San Francisco Eyes an Offshore Treasure


For more than 60 years, occupants of this mound of mud and rock in the San Francisco Bay have watched the city swell.

Dazzling minarets of glass and steel rose from the crowded hills. Three-story houses the breadth of a single-wide mobile home lined the boulevards. Thousands of visitors decided they had indeed left their hearts in San Francisco, and world-class traffic clogged the streets.

Ever-resourceful, the city grew up and in. Elegant skyscrapers formed a filigreed skyline, while builders wedged slivers of homes and businesses into every inch of empty space.

Now, faced with a 1% vacancy rate and nowhere left to grow, San Francisco is eyeing Treasure Island.


Hungrily. Greedily. Longingly.

“It’s the most precious piece of property in the city and county of San Francisco--more valuable even than the Presidio,” said state Sen. Quentin L. Kopp (I-San Francisco). “It’s within the city limits, and it has [360-degree] views. There is nothing else like it in the bay.”

A construction project completed in 1937 to celebrate the opening of the Golden Gate and Bay bridges, Treasure Island was targeted for civilian use in 1993 by the Defense Base Realignment and Closure Act. San Francisco hopes to buy the land from the Department of Defense. Neither the asking price nor source of the purchase money has been decided.

During its tenure on Treasure Island, which is less than a mile square, the Navy built more than 900 houses and apartments, a marina, several piers, a chapel, medical and dental clinics, restaurants, a school, movie theater, jail, gym, bowling alley, conference center, and more than 1 million square feet of office and warehouse space. It was, in essence, a small city.


And what a view.

“When you stand on the main road of Treasure Island and look across the bay, you feel like you can touch the city’s skyline,” said Jeff Young, a spokesman for the Navy’s Base Conversion Office. The island “has wharves and waterfront, huge hangars for movie-making, housing and open space. It has a lot of potential.”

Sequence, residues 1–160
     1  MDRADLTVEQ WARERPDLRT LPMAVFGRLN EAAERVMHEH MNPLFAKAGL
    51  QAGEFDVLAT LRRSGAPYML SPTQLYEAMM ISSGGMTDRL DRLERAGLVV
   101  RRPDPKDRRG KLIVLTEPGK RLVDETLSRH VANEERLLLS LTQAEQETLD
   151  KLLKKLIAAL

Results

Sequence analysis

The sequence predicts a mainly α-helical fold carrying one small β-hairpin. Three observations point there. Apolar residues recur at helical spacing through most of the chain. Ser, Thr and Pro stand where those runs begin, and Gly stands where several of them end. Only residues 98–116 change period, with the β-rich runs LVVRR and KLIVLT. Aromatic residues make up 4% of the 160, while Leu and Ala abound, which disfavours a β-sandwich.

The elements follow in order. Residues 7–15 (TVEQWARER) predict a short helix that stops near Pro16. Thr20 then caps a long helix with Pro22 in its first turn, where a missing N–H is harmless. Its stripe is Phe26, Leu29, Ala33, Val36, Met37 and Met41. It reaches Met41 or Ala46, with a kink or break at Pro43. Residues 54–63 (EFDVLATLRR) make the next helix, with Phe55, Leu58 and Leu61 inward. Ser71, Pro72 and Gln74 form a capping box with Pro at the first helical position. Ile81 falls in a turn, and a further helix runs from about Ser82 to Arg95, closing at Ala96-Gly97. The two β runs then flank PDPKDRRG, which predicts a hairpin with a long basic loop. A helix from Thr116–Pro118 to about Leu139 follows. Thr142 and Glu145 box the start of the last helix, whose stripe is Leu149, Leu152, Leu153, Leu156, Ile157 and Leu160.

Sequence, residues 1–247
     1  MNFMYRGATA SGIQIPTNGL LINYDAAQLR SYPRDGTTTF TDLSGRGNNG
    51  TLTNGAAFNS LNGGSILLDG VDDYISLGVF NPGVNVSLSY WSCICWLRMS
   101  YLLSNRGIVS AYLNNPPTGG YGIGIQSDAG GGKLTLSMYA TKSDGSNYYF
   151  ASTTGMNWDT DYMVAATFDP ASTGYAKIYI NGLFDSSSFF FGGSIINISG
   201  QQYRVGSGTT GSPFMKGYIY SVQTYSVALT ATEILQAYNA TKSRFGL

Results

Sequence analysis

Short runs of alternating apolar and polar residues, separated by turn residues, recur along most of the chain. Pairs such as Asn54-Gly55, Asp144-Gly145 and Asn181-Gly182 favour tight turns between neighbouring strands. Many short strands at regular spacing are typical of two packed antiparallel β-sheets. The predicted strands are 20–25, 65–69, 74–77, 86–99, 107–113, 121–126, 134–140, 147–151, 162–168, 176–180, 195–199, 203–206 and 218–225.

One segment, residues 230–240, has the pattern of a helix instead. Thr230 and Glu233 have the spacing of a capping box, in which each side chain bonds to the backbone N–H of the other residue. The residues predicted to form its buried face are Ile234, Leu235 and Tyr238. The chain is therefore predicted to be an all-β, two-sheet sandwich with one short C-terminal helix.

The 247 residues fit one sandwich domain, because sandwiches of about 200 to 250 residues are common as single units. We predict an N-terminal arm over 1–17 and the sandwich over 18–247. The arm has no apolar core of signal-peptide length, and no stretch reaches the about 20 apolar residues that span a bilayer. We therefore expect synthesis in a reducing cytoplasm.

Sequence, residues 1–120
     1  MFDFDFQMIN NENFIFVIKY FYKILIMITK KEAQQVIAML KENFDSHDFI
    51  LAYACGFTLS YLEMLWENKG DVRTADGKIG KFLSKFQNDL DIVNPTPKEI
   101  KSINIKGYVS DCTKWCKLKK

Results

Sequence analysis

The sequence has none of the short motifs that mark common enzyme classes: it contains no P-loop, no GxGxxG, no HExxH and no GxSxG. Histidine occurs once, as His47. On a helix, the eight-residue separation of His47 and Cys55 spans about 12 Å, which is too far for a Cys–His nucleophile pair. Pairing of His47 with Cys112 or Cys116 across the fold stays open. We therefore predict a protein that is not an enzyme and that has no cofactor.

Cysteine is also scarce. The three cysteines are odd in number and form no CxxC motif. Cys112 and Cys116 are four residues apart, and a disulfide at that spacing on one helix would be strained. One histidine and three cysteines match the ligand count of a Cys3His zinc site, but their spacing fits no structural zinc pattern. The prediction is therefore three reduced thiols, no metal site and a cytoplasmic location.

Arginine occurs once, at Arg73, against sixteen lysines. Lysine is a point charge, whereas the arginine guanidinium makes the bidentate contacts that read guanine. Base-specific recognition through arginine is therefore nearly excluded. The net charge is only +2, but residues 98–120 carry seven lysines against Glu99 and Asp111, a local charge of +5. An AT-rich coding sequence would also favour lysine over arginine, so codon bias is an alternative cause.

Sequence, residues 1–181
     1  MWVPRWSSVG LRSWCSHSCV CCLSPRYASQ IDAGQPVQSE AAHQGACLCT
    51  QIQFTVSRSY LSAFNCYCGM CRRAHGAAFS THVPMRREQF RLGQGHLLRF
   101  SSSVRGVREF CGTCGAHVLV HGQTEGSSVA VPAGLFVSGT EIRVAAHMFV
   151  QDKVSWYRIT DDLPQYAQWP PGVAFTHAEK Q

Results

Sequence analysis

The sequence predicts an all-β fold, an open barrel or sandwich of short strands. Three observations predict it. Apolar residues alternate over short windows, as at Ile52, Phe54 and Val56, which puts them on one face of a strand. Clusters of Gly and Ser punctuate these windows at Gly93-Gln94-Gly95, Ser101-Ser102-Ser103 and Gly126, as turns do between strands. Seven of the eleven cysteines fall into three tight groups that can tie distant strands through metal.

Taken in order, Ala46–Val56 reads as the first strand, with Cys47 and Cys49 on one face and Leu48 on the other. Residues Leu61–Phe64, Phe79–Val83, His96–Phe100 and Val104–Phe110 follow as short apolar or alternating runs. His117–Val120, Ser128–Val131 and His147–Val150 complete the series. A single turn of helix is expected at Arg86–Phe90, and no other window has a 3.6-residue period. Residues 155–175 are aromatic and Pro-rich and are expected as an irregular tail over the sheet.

Potential for growth and, this being San Francisco, for controversy.

In 1997, the San Francisco Board of Supervisors voted to give Mayor Willie Brown control of a nonprofit corporation that would buy Treasure Island from the Navy and oversee its development. It was quickly dubbed Willigan’s Island.


This year, voters balked. Led by Kopp, one of Brown’s most outspoken and acerbic critics, they passed Proposition K, an advisory measure crafted to curb the mayor’s power over the island.

Proposition K demands that the supervisors dissolve the Brown-controlled corporation and turn the conversion of the base over to existing city departments and agencies. The supervisors have not acted on the measure.

Most recently, regional transportation officials voted to rebuild the 60-year-old Bay Bridge north of the existing structure. This plan would take the bridge over a part of Yerba Buena Island, Treasure Island’s neighbor, that is considered critical to all construction plans for both islands, and could throw development plans into a tailspin.